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My Mother's Funny Bone



My mother was famous among her bridge-playing friends for her memory of
almost every off-color joke she'd ever heard. None were hard-core.
Mother could not have even imagined language that is the daily diet on
regular television.  Her "raunchy stories" had a more Chaucerian
roughness, and were all just polite enough for a Southern lady to tell and
still be in good standing at the Baptist church, so long as she had no
ambitions to be a Sunday School teacher.

Mother once told me she thought she got so interested in telling "dirty
jokes" (black folks call them "lies") because as a teenager she had been
short and dumpy, not like two of her sisters, who were quite pretty.
With this skill she thought that people could enjoy her company, and they
did until she was 61.

For all of the extroversion of the comedian, she was one of the most
insecure persons I have ever met.  It had something to do with her
mother's death when my mother was only 11, and left to the intimidation of
the two pretty sisters.

When I came out to her (I was a few months from being 29; she was 61), she
was gentle to me about it, even played naive ('Oh, they have an operation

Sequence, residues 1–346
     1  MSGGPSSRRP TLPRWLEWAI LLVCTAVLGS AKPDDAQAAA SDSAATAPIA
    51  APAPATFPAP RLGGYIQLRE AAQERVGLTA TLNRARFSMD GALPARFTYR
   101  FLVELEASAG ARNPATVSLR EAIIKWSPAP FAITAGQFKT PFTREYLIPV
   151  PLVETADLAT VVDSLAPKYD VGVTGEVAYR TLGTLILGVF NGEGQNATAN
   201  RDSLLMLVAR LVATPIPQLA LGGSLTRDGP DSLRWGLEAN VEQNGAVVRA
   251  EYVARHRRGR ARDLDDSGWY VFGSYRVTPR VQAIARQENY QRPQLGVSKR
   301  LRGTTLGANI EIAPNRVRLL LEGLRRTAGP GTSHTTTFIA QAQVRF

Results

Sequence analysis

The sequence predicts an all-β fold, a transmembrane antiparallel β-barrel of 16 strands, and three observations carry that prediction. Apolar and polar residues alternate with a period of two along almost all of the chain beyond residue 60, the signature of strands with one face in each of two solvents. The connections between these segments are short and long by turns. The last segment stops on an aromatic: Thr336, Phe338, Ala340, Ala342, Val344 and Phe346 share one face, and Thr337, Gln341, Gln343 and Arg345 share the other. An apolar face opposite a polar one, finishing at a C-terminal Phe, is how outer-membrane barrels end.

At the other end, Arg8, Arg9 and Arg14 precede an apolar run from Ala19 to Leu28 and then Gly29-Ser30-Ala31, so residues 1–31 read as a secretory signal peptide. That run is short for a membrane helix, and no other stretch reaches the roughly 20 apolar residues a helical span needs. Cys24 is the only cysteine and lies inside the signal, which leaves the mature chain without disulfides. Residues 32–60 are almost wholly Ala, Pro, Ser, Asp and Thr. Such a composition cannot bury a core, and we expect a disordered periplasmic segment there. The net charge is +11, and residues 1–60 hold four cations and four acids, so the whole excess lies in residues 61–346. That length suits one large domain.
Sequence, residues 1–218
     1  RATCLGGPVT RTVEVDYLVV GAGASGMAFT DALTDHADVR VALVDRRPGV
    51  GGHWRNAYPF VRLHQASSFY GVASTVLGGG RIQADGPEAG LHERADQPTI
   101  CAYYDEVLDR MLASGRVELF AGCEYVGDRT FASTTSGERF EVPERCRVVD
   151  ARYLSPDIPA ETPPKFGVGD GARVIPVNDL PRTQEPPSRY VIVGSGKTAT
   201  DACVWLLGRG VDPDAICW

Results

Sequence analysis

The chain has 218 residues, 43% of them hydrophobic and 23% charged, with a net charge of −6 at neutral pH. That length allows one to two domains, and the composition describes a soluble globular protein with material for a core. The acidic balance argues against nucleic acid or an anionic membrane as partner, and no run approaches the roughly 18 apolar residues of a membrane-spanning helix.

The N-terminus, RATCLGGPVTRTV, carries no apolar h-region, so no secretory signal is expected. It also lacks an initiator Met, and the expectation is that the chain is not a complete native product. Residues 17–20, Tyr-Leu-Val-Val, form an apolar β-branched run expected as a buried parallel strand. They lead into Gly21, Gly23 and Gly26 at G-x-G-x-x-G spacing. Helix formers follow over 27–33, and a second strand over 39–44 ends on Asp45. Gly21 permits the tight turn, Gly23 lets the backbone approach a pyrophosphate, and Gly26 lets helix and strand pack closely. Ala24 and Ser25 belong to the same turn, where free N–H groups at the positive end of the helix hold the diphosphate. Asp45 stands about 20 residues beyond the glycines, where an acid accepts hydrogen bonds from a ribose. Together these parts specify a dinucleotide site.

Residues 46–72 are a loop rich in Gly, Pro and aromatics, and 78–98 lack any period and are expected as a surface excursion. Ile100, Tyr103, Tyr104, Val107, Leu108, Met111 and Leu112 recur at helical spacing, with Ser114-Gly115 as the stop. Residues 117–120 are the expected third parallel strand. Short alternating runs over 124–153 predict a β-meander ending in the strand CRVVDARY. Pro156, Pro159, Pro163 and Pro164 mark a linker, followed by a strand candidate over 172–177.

for that now! she said.  'Not on your life!' I replied), but when she was
in her early 70s -- and as nearly reconciled to having a gay son and a
black gay son-in-law as any one in her generation could be -- she told me,
rather confessed to me, that when I came out I had sent her into a
contorted pattern of guilt, through which she blamed herself for my being
gay.  She felt my sexual orientation was God's punishment for her telling
those off-color stories.

"I made a bargain with God," she told me, "that I would give up collecting
or even listening to dirty stories if he would cure you."

She paused.

"God didn't cure you; but God protected me so that I never for a moment
stopped loving you, and now loving Ernest for what he means to you."

I grieve that she had to pay such a big price for mothering me, especially
so late in her life.  Mother rarely seemed as much at peace in her later
years when she wore out several copies of THE LIVING BIBLE as she was when
she worked the funny bones of friends, but I'll bet she has the best funny
bone in all of heaven.

Love, Lutibelle/Louie







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